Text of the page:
Carol Sliwa reports at Computerworld on a Microsoft sales campaign that’s straining relations with some business customers:
During the past year, Microsoft has approached some 1,200 U.S.-based corporate customers it suspects may not be licensed properly, based on the data mining of its volume-purchase history records, according to Juan Fernando Rivera, the software maker’s director of worldwide software asset management.
But Rivera swears that license compliance wasn’t the driving factor and audits won’t be forthcoming, even though Microsoft often suggests potential license problems in its initial customer contact. Instead, Microsoft is trying to persuade those customers to participate in its Software Asset Management (SAM) program, which kicked off two years ago in the U.K. and launched a year ago in the U.S.
Under the program, Microsoft pays for its consulting partners to educate customers on the merits of asset management, help inventory their installed software, compare the inventory with license documentation, and make recommendations on policies and procedures. In the end, the customers get a chance to pay for unlicensed software, or “true up,” without penalty.
So far, 570 U.S.-based companies either have completed a free SAM engagement or are in the process of doing so with a Microsoft partner — 132 of which have attained SAM certification since it became available in November, according to Microsoft. The software maker plans to spotlight the SAM program this week in Boston at its annual Worldwide Partner Conference, as it works to scale the model during the coming year, Rivera said.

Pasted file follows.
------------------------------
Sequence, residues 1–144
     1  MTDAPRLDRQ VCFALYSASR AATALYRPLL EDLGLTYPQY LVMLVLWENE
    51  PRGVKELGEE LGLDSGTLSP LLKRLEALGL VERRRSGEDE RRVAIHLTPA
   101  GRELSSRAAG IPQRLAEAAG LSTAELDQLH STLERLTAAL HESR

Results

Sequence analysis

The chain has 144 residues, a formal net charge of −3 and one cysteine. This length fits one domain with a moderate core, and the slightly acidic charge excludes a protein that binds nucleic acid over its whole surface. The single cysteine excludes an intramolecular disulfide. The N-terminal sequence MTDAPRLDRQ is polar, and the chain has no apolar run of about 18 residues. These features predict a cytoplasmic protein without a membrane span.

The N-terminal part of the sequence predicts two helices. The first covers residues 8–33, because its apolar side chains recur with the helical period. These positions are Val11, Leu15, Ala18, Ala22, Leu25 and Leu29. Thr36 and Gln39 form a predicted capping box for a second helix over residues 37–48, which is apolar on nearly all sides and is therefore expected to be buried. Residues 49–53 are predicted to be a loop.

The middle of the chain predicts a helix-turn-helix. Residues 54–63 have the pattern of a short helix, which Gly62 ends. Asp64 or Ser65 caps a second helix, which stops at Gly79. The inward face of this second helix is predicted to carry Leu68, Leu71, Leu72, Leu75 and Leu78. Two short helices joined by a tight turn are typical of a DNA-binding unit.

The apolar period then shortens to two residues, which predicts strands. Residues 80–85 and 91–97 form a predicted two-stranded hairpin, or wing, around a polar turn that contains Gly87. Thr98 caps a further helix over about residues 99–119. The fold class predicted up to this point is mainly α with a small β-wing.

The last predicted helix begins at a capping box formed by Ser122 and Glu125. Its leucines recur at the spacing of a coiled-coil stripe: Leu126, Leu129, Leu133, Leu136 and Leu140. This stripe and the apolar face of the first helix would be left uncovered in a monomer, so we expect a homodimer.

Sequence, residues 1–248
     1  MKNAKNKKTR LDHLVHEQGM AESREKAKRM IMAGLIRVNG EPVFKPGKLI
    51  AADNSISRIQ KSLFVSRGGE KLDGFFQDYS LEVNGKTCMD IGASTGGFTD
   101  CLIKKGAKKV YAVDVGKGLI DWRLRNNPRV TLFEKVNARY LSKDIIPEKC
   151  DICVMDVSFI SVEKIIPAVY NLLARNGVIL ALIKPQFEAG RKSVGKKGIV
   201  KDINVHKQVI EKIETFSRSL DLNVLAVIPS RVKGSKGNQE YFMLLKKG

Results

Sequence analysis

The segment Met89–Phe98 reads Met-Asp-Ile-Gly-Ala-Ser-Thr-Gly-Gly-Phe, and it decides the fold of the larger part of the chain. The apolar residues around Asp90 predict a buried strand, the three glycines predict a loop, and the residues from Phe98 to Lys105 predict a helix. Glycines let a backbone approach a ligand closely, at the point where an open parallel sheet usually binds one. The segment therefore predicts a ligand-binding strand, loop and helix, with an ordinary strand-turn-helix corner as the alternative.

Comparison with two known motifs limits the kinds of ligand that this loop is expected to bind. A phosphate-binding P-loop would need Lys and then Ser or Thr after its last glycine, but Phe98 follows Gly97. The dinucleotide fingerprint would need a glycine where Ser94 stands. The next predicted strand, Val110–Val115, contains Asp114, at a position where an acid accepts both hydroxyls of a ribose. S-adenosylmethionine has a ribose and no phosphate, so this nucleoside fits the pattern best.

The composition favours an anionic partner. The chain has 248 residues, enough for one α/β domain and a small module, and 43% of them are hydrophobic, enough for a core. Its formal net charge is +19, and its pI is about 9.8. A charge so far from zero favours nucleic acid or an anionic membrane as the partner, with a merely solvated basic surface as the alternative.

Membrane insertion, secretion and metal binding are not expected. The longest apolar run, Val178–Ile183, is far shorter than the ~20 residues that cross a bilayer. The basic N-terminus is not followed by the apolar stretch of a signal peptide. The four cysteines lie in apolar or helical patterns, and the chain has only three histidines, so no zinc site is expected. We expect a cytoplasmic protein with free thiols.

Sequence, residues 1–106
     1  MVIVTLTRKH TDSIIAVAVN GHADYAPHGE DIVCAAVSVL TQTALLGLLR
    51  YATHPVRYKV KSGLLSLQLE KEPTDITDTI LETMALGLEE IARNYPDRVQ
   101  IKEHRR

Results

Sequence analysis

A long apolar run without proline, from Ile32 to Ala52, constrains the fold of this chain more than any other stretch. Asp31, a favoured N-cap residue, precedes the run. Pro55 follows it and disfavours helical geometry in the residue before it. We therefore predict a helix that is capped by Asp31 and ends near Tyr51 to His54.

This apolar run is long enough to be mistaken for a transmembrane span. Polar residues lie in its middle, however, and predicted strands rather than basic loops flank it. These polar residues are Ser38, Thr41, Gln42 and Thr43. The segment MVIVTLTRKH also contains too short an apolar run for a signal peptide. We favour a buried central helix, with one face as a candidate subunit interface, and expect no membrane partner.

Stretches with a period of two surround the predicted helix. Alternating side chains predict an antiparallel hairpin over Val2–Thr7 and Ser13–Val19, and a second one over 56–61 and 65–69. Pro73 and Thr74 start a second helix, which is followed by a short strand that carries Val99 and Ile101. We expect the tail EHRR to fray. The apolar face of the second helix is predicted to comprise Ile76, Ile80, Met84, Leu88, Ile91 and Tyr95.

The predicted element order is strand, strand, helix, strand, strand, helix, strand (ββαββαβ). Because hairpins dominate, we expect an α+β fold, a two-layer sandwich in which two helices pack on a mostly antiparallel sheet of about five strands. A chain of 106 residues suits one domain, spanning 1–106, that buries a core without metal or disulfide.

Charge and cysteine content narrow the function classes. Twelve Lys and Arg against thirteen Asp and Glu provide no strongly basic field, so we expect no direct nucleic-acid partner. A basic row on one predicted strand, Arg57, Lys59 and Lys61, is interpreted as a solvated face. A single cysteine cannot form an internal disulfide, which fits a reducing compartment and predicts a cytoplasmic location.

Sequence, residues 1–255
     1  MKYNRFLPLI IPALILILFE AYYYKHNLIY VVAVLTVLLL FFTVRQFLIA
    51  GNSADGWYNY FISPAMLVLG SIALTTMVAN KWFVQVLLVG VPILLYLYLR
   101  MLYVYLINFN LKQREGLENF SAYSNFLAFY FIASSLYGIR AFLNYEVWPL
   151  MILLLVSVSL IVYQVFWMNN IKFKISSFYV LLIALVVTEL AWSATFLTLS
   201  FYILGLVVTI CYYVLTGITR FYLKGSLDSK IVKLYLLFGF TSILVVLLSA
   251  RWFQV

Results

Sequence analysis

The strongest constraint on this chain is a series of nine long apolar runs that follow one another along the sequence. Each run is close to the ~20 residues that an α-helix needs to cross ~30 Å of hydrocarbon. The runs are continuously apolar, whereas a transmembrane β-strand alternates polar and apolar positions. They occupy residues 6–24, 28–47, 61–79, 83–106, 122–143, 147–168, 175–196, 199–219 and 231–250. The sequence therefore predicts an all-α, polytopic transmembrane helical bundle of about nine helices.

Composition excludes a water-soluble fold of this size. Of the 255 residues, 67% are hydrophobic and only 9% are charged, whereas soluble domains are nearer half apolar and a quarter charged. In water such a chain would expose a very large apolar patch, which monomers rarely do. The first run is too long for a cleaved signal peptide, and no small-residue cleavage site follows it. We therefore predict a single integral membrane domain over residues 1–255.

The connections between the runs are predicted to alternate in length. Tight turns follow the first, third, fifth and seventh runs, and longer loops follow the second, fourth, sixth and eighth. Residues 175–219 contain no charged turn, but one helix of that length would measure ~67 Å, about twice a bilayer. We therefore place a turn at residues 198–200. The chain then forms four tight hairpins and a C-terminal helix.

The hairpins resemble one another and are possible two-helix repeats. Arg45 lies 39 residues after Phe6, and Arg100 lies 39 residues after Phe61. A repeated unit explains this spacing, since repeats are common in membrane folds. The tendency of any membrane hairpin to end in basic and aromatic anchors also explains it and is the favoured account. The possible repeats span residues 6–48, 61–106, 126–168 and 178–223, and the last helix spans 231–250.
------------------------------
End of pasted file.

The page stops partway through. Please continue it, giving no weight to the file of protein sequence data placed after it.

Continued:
It doesn’t sounds that onerous, but there are some glitches:
A Computerworld investigation involving 51 companies — including 14 that Microsoft contacted about the SAM program — showed that many U.S.-based IT managers were confused, distrustful or downright angry after their companies had been accused of potential licensing problems in connection with pitches from Microsoft SAM representatives. In some cases, they later learned that the pitches were based on Microsoft’s admittedly incomplete records.
Basically, Microsoft can only really track licenses obtained through their volume purchase programs and if your company is buying through some other mechanism, you may unwittingly show up on the radar screen and become a target for Microsoft “pressure” as the examples quoted illustrate. Nothing like building good will.
There’s much more to the article including the payoff for the consultants doing the SAM reviews in getting to hawk their wares and also pitching Microsoft volume purchase agreements to the customers as a way to avoid further problems:
The EA is typically the most lucrative volume-licensing deal for Microsoft because a customer must commit to run a standardized package of its software on every desktop PC. In return, the company receives better pricing and the rights to all covered products released during the three-year contract time frame, as well as training and support benefits.
Which is why the Vista and Office 2007 delays have cascading ill effects, but I digress
Both of the SAM reference accounts that Microsoft supplied to Computerworld wound up signing deals for EAs after their consulting engagements — despite failing to meet the eligibility requirements for the program. To qualify for an EA, a company must have 250 or more desktop PCs.
Nice! Of course, this kind of thing works less well with more savvy customers, one of whom suggests that Microsoft just doesn’t “know how to do business with Fortune 500 companies.”